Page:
Deconstructing the Right to Counsel

Lauren Sudeall Lucas Assistant Professor at Georgia State University College of Law

July 22, 2014

Energized by the fiftieth anniversary of Gideon v. Wainwright, and in light of the nearly one million low-income Americans who are denied legal aid services each year, renewed calls to expand the right to counsel to civil litigants have emerged. Lucas explains that there are “numerous ways in which Gideon’s promise has fallen short” in the criminal realm and, as a result, there is little consensus about how to proceed in the civil context. The Issue Brief explores the range of ideas in the “civil Gideon” debate and examines why the values underlying the right to counsel are critical but the appointment of counsel may not always be the best solution.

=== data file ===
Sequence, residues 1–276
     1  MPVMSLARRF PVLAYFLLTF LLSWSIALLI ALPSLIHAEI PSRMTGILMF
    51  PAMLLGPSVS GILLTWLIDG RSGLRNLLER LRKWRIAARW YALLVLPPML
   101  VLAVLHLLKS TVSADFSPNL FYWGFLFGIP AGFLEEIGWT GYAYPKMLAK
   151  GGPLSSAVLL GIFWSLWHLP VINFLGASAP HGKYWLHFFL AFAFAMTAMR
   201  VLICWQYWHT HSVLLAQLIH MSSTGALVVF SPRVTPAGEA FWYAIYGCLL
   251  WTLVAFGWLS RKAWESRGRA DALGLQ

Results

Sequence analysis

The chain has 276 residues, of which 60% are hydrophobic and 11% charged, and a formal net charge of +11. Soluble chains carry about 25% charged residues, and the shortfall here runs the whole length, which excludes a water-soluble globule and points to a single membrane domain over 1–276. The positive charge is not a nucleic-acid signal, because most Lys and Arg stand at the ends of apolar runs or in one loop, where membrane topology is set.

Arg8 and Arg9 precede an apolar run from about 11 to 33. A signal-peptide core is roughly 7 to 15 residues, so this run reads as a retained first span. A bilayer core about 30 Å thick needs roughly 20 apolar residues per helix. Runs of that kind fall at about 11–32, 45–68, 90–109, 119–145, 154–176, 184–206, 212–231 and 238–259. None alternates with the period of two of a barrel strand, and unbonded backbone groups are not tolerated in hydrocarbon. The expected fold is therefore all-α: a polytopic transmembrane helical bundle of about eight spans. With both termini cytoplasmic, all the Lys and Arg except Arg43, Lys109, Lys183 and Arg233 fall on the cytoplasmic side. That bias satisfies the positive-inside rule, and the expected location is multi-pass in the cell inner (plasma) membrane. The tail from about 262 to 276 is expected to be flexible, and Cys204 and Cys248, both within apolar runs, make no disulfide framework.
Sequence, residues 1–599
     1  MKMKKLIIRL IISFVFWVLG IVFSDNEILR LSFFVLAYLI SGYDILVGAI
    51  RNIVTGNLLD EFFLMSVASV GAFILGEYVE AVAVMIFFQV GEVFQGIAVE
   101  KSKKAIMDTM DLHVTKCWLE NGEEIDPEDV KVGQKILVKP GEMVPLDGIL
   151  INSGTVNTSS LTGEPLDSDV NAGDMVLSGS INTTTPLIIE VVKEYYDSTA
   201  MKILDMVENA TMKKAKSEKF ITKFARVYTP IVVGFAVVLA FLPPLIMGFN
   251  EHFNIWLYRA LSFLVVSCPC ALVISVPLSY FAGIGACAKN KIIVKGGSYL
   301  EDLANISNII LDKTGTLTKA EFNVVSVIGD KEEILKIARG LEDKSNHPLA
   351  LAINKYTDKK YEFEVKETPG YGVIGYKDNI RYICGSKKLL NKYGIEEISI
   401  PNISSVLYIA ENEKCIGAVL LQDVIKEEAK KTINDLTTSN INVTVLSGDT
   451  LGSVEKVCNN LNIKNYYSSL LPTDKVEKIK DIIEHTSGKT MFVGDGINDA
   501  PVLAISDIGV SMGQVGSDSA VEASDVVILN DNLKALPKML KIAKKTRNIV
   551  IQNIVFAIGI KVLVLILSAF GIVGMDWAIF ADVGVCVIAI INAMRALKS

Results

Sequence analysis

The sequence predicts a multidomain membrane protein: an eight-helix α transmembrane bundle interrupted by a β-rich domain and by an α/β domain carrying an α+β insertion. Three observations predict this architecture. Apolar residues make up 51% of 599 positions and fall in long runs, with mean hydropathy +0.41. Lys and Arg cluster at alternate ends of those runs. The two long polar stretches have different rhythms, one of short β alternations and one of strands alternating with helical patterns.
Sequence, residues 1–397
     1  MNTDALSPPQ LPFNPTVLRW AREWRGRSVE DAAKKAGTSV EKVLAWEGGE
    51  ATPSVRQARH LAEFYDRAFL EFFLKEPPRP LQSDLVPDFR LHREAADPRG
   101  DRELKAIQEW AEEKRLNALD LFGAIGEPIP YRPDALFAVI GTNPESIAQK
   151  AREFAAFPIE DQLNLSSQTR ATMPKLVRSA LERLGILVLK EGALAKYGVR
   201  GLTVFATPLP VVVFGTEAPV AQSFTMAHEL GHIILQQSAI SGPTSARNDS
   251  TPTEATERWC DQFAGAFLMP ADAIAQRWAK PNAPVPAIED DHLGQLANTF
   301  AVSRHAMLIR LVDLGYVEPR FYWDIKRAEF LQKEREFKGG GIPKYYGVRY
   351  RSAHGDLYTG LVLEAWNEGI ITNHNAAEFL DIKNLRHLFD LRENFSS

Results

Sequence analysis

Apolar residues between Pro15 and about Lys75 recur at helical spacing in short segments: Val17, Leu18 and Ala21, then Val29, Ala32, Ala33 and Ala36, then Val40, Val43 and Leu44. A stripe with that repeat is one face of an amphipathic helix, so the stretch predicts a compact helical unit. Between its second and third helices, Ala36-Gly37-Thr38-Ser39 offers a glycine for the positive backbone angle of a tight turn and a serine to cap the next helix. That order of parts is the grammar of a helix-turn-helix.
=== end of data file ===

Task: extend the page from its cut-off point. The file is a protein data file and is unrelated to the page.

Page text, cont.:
Scholars and practitioners alike have suggested a variety of solutions to the civil legal services gap, including grounding a general right to counsel in state or federal due process provisions, providing discrete instead of full-service legal assistance, creating online tools for filing and self-help, and forming a new independently enforceable “access to justice” right. Rather than inserting another remedy into this already crowded mix, Lucas argues that we will be best served by deconstructing the right to counsel and using a value-based framework to “broaden and organize the debate.” The Issue Brief “distills the right [to counsel] down to its core elements”—access, fairness, efficiency, and legitimacy—and proposes that these values be used to evaluate current recommendations. Recognizing the dearth of resources available to civil legal services providers, Lucas suggests that, depending on the needs of a particular case or client, non-lawyer proposals may be not just viable alternatives but the most effective and efficient options.

Read full issue brief here: Deconstructing the Right to Counsel

By Lauren Sudeall Lucas